Courtesy of Amorim and O-I

The twistable take on a cork is about to reach a new market.

Mike Pomranz
October 09, 2018

One of the biggest ongoing debates in the wine world is cork versus screwcap. More than just a debate between traditionalists and convenience lovers, wine packaging is also big business, and believe it or not, “big cork” (it really exists) isn’t interested in ceding its market share to some lousy aluminum. So for years, one of the world’s biggest cork brands has been looking to have its cork and screw it too, and now, these twist-open corks are about to take another commercial leap.

The “Helix,” which was developed by the Portuguese cork giant Amorim, is a kind of “screwcork”—or resealable cork. In practice, these corks are somewhat similar to the corks you might find in the top of a whisky bottle as they can be taken out and put back in repeatedly without much effort. But what makes the Helix unique is that the cork requires a special bottle with a threaded neck. Matching ridges in the cork allow it to be twisted back into the bottle for an airtight seal after opening. “An unexpected twist” is Amorim’s tagline.

This Helix innovation isn’t new. In fact, Sonoma’s Red Truck Wines became the first U.S. winery to start using the twistable cork back in 2016. But in case you’ve been wondering if you haven’t been drinking enough wine recently (don’t worry; you probably have), screwcorks aren’t yet taking the world by storm either. That might explain why Amorim appears to be declaring a big victory that, for the first time, a British supermarket chain will be using a Helix bottle. Starting this month, the U.K. grocer Co-op will be selling the Portuguese wine Vila Real Rabelo Red 2015 with a twist-open cork for about $8 a bottle.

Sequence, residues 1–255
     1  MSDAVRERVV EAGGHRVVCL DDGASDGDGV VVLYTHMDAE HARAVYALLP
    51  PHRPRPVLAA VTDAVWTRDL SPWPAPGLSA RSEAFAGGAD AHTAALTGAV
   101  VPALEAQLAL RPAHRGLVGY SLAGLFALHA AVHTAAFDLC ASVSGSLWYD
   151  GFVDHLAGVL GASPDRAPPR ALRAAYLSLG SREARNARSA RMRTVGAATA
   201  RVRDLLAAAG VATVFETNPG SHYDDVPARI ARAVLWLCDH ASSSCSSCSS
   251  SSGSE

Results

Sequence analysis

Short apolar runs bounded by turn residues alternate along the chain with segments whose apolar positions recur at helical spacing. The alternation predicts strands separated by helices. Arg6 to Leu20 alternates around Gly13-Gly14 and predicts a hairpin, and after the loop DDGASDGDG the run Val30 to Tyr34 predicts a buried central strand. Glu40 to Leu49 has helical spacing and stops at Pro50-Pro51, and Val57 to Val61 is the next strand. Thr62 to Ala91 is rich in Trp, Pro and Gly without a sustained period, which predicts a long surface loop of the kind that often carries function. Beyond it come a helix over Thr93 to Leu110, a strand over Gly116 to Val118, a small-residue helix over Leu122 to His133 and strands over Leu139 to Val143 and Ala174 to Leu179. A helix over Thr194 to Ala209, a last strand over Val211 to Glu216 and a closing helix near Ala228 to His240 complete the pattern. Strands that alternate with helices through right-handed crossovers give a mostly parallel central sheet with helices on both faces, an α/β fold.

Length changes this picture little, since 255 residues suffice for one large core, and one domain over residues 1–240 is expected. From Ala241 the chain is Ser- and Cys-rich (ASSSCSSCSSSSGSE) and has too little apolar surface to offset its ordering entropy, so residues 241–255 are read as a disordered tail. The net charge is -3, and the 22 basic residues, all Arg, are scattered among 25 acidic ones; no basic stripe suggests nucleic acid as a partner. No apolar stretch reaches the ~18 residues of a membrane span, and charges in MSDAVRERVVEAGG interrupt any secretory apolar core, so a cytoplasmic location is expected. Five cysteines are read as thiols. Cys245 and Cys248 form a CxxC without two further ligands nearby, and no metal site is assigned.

“This is a modern twist on the traditional cork,” Co-op wine buyer Sarah Benson said according to The Drinks Business. “This is a real coup for us at Co-op and an example of how we are continuing to look for ways to innovate the category to meet the needs of our ever-changing customer base.”

If you’ve never seen a screwcork before, they are pretty cool. But at the same time, who is this “customer base” that’s really clamoring for a screwcap-cork hybrid? Probably the biggest argument in support of cork is that it’s supposedly better for aging wine—but if you’re planning to crack open a wine you’ve been aging and don’t have a corkscrew handy, maybe you’ve picked the wrong time to open that wine? As a result, the Helix seems a bit like an “if you can’t beat ‘em, join ‘em” sort of situation—even if it does make for an intriguing novelty.

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